Once p(P_{i}|D_{i}) has been calculated for a given experiment, it is easy to unmix a data set. Let D represent the set of all measured data, and let P represents the set of all the patterns. Given a measured data distribution, n(D_{j}), the unmixed patterns are found by
Unfortunately, Eq. 14 tells us that it is impossible to directly calculate p(P_{i}|D_{j}) without first knowing p_{o}(P_{i}) which is the pattern distribution. After all, if p_{o}(P_{i}) were known, there would be no point to this exercise, because the desired patterns would calculating p(P_{i}|D_{j}):
The sample data set given at the beginning of Appendix C will now be used to give a detailed illustration of the Bayesian technique. To begin, Eq. 1 is rearranged by summing over each of the measured spectra.
This equation can then be placed into matrix form:
Each row of this matrix represents a different measured resolution point, j. It should be noted that the Bayesian method can also be used with the full matrix given in Eq. 4. However, the matrix presented here was chosen because fewer floating point operations are required to perform the unmixing. Thus, this method was expected to require less processing time.
In shorthand notation, Eq. 17 can be written as
I have chosen a notation that is suggestive of how the matrix, M(D_{j}|P_{i}), can be converted into a conditional probability.
The M(D_{j}|P_{i}) matrix is essentially an unnormamalized conditional probability. Thus, instead of satisfying the normalization condition given in Eq. 8, M(D_{j}|P_{i}) satisfies:
Multiplying this equation by p(D_{j})/m_{j }and combining it with Eq. 8 gives:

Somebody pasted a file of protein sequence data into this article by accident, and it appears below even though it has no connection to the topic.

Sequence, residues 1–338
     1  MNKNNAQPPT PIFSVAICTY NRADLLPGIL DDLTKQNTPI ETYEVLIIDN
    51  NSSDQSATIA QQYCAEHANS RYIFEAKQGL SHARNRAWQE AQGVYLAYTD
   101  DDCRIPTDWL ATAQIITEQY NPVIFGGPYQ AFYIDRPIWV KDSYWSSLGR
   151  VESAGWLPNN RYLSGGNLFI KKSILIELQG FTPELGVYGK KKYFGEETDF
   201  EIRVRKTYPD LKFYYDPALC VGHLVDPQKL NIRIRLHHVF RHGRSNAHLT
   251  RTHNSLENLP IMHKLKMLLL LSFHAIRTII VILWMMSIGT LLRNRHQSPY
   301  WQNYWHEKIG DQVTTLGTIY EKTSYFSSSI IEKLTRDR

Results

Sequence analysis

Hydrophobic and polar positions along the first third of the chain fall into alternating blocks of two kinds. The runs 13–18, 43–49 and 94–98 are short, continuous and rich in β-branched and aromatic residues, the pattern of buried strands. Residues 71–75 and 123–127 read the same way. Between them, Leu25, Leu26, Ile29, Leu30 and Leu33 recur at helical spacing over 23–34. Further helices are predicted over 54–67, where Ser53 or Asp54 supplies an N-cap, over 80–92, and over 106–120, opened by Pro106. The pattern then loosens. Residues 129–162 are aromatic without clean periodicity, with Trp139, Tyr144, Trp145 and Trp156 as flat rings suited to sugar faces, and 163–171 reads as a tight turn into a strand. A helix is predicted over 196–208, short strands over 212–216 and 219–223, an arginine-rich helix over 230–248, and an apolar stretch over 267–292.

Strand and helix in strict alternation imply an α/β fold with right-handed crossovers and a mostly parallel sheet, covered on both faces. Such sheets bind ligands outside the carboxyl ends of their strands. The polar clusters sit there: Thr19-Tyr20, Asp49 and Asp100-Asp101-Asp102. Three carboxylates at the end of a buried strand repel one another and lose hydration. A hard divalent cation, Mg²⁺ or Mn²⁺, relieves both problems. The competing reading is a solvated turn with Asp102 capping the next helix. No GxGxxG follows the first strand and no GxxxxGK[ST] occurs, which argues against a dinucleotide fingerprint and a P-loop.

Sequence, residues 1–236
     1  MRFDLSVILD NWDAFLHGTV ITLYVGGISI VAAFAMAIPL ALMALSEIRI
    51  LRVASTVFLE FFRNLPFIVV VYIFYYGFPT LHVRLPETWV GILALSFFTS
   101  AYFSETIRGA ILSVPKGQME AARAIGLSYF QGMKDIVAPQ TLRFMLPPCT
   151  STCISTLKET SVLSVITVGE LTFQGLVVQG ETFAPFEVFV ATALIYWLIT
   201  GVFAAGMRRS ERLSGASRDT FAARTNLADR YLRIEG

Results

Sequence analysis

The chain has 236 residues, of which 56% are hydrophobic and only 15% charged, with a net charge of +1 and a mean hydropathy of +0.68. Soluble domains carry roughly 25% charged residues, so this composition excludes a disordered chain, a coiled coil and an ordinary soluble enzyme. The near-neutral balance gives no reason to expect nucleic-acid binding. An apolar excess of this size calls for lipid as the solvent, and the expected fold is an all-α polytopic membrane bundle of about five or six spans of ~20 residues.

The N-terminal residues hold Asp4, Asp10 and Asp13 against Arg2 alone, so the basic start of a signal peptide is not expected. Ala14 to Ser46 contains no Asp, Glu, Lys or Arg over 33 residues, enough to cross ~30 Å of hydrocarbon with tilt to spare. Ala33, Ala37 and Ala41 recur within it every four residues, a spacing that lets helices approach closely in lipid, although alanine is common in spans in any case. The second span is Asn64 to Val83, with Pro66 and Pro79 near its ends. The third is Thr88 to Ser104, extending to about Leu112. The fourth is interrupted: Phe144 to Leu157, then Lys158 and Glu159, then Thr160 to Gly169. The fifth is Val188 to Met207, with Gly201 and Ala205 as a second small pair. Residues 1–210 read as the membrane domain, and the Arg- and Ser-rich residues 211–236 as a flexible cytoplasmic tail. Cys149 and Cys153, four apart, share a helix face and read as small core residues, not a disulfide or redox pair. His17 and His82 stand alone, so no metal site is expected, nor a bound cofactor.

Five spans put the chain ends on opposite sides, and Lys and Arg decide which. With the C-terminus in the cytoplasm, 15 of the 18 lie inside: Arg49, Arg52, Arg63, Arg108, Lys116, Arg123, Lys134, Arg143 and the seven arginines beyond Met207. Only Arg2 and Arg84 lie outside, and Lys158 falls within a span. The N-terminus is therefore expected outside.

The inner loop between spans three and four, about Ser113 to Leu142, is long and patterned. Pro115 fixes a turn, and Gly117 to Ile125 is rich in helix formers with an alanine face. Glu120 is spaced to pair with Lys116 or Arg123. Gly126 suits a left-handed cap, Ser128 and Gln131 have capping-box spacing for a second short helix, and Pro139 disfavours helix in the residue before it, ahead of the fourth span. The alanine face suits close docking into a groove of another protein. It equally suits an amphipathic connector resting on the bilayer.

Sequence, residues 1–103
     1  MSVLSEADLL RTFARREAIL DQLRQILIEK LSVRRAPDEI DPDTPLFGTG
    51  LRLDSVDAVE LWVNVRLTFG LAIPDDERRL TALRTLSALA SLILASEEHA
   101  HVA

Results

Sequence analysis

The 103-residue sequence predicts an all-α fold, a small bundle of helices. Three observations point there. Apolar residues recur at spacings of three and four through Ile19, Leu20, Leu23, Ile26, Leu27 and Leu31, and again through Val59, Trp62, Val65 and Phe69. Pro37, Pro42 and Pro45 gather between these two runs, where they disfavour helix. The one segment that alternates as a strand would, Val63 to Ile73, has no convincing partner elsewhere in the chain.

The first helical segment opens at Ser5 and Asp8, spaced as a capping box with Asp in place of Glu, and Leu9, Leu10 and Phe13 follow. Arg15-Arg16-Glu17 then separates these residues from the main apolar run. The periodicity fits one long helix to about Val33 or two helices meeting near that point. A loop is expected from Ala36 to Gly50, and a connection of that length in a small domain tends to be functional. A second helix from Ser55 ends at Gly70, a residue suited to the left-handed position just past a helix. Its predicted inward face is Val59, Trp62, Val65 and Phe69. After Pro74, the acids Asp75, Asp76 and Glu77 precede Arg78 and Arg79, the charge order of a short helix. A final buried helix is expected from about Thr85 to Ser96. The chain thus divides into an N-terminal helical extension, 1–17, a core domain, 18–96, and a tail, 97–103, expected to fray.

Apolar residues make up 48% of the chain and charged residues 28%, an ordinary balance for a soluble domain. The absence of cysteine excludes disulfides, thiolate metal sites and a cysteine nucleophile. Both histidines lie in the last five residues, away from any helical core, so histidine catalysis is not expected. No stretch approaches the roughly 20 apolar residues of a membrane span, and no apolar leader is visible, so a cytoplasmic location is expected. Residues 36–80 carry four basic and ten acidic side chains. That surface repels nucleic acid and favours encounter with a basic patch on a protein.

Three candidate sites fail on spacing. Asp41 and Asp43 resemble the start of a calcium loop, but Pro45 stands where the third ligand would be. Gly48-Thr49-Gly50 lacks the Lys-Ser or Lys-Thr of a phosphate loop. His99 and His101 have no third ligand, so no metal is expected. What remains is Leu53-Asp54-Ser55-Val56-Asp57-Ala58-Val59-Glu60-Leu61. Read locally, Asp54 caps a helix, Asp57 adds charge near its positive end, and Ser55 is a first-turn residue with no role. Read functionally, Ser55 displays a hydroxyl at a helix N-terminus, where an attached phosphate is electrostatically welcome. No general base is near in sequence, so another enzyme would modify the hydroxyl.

Substituting Eq. 20 into Bayes' theorem, Eq. 14, yields:
With Bayes' theorem written in this form, it is no longer necessary to directly calculate p(D_{j}|P_{i}). Also, notice that this last equation depends upon p_{o}(P_{i}). p_{o}(P_{i}) contains our a′ priori knowledge of the unmixed spectra. The following section describes in detail how knowledge of the experimental data can be used to build an appropriate p_{o}(P_{i}) vector.
When building p_{o}(P_{i}), it is helpful to understand the physical interpretation of this vector. For the purposes of this discussion, let us assume that we are dealing with a time-resolved spectroscopy experiment. At different points in time, a spectrum, as a function of wavelength, is recorded. Let us further assume that each measured spectrum is composed of a linear combination of four different patterns (A, B, C, and D). In a classical sense, the photons produced in the experiment will have been produced by one of the physical processes which is described by one of the four patterns. So, in some sense, each photon ‘belongs’ to one of the patterns. For each photon measured by the detector, there exists a probability that it was produced by pattern A, p(A). Similarly, there exist probabilities that the photon belongs to any of the other patterns: p(B), p(C), and p(D).
If the patterns occur with equal probability, the individual pattern probabilities are given by
p(A)=p(B)=p(C)=p(D)=¼. (22)
However, if the patterns do not occur with equal probability,
A:B:C:D=r _{A} :r _{B} :r _{C} :r _{D}, where r _{A} +r _{B} +r _{C} +r _{D}=1, (23)
then the individual pattern probabilities are:
Note that the individual pattern probabilities must be constructed such that
p(P)=p(A)+p(B)+p(C)+p(D)=1 (25)
because it is assumed that the data is fully described by the patterns contained in set P.
The pattern probabilities can be further subdivided. For example, if each spectral pattern contains three wavelength bands, then there exist probabilities (p(A_{1}), p(A_{2}), p(A_{3})) that a photon ‘belonging’ to pattern A falls within the i^{th }wavelength-band. For consistency we require that
Analogous equations can also be written for the remaining patterns.
There are several ways to estimate p(A_{i}). The XCC program currently uses the values of the XCC merit function to make this estimation. For each pattern, the value of the merit function, w^{i} _{A}, can be calculated at each of the i resolution points. Thus, one can write
This method works well so long as the patterns are not heavily overlapped. Whenever overlap occurs, the individual weights, w^{i} _{A}, will be very small, and will no longer properly approximate p(A_{i}). This technique was originally developed for use with hyperspectral data. Since, this data is not expected to be heavily overlapped in the spatial domain, this technique works well.